GlacierHub News Report 08:23:18

GlacierHub News Report 08:23:18

The GlacierHub News Report is a bi-monthly video news report that features some of our website’s top stories. This week’s newscast is special because managing editor Ben Orlove is joining our newscast. We will be presenting stories ranging from the IPCC to glaciers in Russia to a tradition of citizen climate science and even controversial lands in India.


This week’s news report features:


Glacier Researchers Gather at IPCC Meeting in China

By: Ben Orlove


The authors of a major IPCC report on oceans and the cryosphere gathered in Lanzhou, China, in July 2018. They discussed the reviews which the first draft of the report had received. They also planned the next steps to advance the report.

Read more here.


Debris-Covered Glaciers Advance in Remote Kamchatka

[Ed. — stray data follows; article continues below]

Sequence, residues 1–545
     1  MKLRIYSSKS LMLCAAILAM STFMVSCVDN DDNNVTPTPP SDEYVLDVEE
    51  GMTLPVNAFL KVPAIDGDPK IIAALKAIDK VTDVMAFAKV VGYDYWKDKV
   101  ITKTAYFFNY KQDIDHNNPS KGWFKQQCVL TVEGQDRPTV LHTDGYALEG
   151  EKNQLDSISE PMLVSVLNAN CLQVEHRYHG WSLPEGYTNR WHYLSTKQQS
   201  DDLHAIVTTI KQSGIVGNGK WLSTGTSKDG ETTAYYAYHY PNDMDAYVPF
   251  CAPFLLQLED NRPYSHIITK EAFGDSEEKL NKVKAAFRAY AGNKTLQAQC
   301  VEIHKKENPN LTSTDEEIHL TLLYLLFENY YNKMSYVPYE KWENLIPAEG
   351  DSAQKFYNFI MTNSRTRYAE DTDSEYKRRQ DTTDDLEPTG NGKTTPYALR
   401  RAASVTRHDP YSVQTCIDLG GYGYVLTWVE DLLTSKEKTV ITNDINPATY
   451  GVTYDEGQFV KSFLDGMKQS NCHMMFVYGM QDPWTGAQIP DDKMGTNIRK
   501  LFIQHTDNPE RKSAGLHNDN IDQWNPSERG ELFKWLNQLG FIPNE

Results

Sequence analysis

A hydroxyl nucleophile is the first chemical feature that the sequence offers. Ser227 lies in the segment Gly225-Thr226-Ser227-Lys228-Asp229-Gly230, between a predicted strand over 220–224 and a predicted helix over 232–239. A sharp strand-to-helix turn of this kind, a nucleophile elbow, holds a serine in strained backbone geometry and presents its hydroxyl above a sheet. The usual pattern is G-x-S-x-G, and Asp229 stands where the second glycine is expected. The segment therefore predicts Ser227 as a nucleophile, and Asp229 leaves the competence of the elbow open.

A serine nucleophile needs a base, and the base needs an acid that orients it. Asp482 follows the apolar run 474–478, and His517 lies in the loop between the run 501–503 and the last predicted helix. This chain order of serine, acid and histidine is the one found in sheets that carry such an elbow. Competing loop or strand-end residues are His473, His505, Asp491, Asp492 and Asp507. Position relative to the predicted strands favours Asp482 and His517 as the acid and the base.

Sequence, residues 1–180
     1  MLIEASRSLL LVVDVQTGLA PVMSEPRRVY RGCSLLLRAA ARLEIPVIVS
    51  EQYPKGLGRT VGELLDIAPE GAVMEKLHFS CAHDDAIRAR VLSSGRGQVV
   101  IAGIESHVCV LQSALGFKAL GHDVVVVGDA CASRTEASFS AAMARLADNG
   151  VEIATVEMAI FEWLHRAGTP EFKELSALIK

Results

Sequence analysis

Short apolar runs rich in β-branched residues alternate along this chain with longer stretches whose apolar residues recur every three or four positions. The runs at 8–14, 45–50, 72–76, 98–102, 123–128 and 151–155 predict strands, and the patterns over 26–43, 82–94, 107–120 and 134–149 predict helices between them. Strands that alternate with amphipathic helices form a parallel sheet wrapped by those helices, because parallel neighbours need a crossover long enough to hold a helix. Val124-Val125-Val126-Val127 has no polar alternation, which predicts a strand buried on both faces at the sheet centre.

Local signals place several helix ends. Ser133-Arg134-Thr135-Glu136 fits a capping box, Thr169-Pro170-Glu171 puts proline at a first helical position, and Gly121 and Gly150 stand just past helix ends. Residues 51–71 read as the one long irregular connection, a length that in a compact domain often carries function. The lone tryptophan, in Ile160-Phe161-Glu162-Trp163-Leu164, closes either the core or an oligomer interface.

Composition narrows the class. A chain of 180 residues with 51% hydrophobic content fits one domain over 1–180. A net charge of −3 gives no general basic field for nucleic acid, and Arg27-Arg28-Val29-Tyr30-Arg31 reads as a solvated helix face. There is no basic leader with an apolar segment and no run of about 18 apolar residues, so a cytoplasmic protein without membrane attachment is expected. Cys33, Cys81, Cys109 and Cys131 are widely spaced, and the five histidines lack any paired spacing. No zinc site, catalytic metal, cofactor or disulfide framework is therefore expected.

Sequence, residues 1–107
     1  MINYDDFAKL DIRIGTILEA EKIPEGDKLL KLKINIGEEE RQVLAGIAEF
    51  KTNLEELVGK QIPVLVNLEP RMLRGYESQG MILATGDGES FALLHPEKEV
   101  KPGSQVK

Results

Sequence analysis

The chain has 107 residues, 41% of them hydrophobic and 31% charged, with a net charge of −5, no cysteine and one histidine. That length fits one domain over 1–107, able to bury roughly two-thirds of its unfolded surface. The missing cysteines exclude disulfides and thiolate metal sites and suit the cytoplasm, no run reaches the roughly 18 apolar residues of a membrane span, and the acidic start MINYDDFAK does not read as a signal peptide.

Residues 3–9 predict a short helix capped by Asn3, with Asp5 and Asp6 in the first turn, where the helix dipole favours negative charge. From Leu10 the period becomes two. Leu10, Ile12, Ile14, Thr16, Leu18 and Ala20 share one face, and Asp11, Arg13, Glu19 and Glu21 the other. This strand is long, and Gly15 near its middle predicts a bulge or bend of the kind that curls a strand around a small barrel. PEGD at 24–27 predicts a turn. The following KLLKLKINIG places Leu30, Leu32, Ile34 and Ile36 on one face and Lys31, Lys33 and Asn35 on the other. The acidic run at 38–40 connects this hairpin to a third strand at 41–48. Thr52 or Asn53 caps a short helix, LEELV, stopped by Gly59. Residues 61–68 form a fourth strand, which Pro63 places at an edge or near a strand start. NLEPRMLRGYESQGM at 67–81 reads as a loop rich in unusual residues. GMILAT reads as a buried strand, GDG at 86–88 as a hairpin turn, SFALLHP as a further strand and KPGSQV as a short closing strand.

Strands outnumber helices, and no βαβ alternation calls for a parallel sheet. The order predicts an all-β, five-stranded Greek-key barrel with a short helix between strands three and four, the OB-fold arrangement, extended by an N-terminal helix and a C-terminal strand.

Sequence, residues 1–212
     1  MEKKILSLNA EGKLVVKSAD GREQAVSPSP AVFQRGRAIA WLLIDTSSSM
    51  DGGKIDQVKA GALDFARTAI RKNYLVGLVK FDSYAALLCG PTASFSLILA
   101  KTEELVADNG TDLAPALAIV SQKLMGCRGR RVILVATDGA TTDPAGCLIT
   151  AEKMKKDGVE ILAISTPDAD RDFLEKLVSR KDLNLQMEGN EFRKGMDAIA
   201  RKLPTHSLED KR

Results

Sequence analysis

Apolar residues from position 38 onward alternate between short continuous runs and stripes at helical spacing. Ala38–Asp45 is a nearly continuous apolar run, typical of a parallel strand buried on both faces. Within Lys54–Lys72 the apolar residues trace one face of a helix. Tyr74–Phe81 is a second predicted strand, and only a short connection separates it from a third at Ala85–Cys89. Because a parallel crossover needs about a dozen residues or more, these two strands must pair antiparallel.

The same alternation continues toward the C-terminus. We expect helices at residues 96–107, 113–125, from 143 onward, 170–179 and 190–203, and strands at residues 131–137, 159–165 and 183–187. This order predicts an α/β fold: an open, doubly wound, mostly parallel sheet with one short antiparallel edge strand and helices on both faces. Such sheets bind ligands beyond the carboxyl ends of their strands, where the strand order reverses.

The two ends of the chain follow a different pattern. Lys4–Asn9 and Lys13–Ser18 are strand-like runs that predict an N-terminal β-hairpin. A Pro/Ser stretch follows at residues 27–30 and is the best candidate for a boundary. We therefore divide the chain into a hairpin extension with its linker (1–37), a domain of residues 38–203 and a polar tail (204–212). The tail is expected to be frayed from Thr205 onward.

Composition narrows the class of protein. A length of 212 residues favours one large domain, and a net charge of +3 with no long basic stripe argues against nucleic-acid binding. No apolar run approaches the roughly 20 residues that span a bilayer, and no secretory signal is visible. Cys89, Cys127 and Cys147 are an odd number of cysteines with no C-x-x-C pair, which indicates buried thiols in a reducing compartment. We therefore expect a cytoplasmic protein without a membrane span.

By: Andrew Angle

Summary: On the remote Kamchatka Penisula in Eastern Russia, most glaciers are retreating due to climate change. However, in one area, some glaciers have advanced due to volcanic debris on top of the ice that has limited melting.

Read more here.


Amid High-Tech Alternatives, a Reckoning for Iceland’s Glacier Keepers

By: Gloria Dickie

Summary: It may be one of the longest-running examples of citizen climate science in the world. With Iceland’s glaciers at their melting point, these men and women— farmers, schoolchildren, a plastic surgeon, even a Supreme Court judge— serve not only as the glaciers’ guardians, but also their messengers.

Read more here.

War Against Natural Disasters: A Fight the Indian Military Can’t Win

By: Sabrina Ho

Summary: Ladakh is frequently exposed to floods and landslides when snow and glaciers melt. A recent paper warns of the current nature of a military-led disaster governance, including heavy military presence, in disaster risk reduction.

Read more here.


Video Credits:

Presenters: Ben Orlove and Brian Poe Llamanzares